Malaysian

PSA To M'sia: The More You Try To Censor Something, The More Viral It Gets

  • The George Town Festival, held on August 4 to September 2, is an annual celebration of “culture, heritage, art, and community” held in conjunction with Malaysia’s 61st year of independence.
  • Portraits Of Pang Khee Teik and Nisha Ayub were ordered to be removed by Malaysian authorities for allegedly promoting the LGBT community.

At “Stripes and Strokes”, a recent photography exhibition held as part of the George Town Festival, the Minister for Islamic Affairs, Mujahid Yusof Rawa caused an uproar and a general explosion of interest amidst reports that he ordered the removal of two portraits for allegedly promoting the LGBT community/lifestyle.

On August 9th, former Bar Council president Ragunath Kesavan expressed his disagreement with the decision in an interview with FreeMalaysiaToday. Activists Marina Mahathir and Siti Kasim have also ordered for the removal of their portraits from the exhibition in protest.

Ragunath also noted the Islamic Affairs Minister’s statement that the government would look to regulate the professional attire for women in the private sector. He argued that this did not run parallel to Transport Minister Anthony Loke’s previous statement that the government would leave this to the private sector while discussing uniforms of flight attendants.

“Two ministers are making contradicting statements. At least under Barisan Nasional, they consistently issued wrong statements.”

The Streisand Effect

Ultimately, many attempts at censorship and suppression invariably lead to something known simply as “The Streisand Effect”.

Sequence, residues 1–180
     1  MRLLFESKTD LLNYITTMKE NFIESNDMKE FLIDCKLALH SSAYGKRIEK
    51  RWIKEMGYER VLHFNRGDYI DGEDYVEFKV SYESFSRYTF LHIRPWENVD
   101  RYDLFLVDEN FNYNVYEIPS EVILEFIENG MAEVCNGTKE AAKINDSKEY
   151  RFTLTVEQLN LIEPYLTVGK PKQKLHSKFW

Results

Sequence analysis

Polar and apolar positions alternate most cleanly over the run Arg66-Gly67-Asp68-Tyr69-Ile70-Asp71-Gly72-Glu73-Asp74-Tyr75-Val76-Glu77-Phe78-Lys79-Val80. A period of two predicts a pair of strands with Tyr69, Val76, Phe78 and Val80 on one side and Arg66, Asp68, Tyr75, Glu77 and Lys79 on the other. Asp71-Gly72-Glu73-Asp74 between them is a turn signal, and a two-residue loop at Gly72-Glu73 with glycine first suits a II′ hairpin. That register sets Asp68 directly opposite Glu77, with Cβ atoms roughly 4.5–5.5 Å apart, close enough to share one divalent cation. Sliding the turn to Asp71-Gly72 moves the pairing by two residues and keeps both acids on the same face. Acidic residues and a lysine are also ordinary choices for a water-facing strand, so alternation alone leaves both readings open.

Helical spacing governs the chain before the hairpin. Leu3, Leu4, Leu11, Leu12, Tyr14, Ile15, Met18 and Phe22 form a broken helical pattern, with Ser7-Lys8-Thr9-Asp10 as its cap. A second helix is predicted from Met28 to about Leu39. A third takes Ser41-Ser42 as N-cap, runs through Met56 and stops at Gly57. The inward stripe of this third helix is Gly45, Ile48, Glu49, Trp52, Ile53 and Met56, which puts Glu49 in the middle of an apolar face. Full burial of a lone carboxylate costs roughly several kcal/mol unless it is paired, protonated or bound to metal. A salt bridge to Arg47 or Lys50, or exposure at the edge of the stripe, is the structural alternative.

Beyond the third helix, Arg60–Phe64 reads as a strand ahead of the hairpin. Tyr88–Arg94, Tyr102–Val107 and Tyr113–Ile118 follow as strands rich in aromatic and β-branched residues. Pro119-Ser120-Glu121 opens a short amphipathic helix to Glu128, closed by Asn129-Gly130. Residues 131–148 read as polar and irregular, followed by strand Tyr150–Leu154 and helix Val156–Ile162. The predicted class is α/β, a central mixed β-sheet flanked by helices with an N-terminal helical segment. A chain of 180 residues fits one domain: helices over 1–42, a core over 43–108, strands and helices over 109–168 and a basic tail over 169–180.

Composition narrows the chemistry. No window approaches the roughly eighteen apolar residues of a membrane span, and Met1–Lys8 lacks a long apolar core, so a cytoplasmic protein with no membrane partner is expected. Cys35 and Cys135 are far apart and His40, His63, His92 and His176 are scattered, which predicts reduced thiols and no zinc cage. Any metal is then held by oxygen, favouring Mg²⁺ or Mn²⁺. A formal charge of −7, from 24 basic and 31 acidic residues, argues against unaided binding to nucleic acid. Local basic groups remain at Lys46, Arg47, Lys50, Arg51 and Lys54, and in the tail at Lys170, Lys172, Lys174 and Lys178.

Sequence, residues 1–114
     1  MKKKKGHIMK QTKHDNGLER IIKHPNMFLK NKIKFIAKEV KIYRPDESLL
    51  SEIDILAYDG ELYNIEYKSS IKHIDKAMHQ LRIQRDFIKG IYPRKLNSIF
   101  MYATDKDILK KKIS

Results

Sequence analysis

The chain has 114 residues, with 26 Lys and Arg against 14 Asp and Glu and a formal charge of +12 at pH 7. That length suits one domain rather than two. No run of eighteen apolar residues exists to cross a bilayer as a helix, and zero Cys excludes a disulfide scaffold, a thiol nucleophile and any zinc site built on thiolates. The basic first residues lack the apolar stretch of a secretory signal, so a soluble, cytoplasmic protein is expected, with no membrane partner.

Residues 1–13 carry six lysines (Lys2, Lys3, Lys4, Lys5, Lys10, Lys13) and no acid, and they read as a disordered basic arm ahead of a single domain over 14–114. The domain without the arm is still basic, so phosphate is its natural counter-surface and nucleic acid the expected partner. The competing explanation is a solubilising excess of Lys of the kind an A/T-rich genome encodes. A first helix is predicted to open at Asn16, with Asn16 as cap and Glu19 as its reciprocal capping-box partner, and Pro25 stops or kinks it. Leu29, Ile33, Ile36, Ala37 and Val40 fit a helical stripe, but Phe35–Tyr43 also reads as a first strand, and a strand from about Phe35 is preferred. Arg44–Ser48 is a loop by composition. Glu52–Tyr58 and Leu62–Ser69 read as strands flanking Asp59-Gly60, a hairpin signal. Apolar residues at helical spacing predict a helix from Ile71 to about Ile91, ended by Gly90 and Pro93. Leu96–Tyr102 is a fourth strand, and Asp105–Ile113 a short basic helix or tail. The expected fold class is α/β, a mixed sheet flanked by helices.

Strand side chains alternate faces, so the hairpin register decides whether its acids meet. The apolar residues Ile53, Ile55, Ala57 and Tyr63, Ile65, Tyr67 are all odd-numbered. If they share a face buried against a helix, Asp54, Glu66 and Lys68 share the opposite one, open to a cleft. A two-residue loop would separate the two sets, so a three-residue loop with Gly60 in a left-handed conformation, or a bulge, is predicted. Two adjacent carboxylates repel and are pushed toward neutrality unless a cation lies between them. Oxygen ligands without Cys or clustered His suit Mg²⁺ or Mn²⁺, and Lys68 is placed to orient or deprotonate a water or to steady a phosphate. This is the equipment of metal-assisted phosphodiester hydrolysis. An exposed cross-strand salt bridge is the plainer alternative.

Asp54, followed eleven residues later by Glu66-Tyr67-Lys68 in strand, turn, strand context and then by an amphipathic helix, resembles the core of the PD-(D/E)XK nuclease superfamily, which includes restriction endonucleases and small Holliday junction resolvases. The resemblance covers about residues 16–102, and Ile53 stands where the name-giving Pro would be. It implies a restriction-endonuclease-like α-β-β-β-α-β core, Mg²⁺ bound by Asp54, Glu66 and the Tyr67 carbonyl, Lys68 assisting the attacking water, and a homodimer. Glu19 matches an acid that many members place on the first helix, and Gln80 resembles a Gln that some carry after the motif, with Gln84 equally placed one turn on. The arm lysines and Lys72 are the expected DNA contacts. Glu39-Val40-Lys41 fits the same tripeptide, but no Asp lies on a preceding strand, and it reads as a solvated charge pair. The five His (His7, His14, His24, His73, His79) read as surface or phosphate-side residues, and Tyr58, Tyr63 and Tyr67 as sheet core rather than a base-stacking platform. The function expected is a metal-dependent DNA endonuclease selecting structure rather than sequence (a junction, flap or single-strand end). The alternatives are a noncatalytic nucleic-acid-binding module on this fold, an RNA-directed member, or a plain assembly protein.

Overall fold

This phenomenon, rooted in the digital age of social media and social journalism, was given its catchy name after famed American singer/actress Barbara Streisand. She sued Kenneth Adelman, a photographer from the California Costal Records Project for allegedly capturing images of her house without her prior permission in 2003.

Her attempt to suppress those images backfired. In the ensuing legal battle, downloads of the images soared through the roof.

In Malaysia, the authorities have seemingly overlooked this effect with their recent decisions and apparent misalignment between Ministers’ Departments.

With the current conversation going on because of the censorship attempt, it can be argued the LGBT community and lifestyle have been brought further to the forefront and to public attention. There are conversations happening now that could not have happened without this removal.

The question is, is this merely a one-off affair when it comes to censorship in Malaysia, or has there been a common theme here?

Anti-Fake News Law And Censorship Pre-GE14

For a very simple example, think of what happened when the Home Ministry banned 50 Shades Of Grey. Malaysians who probably hadn’t even heard of the book suddenly realised that here’s something else they should download or look out for when overseas.

In April 2018, the Anti-Fake News Act was gazetted—a move that was criticised both locally and abroad as a politically motivated stifling mechanism for free speech in the lead up to the recently held general elections.